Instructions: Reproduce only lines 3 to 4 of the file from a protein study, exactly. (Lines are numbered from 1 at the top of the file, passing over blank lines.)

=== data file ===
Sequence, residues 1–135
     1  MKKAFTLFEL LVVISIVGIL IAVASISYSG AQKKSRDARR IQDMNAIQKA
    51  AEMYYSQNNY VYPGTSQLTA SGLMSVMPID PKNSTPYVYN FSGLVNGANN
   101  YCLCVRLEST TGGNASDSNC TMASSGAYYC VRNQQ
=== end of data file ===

    51  AEMYYSQNNY VYPGTSQLTA SGLMSVMPID PKNSTPYVYN FSGLVNGANN
   101  YCLCVRLEST TGGNASDSNC TMASSGAYYC VRNQQ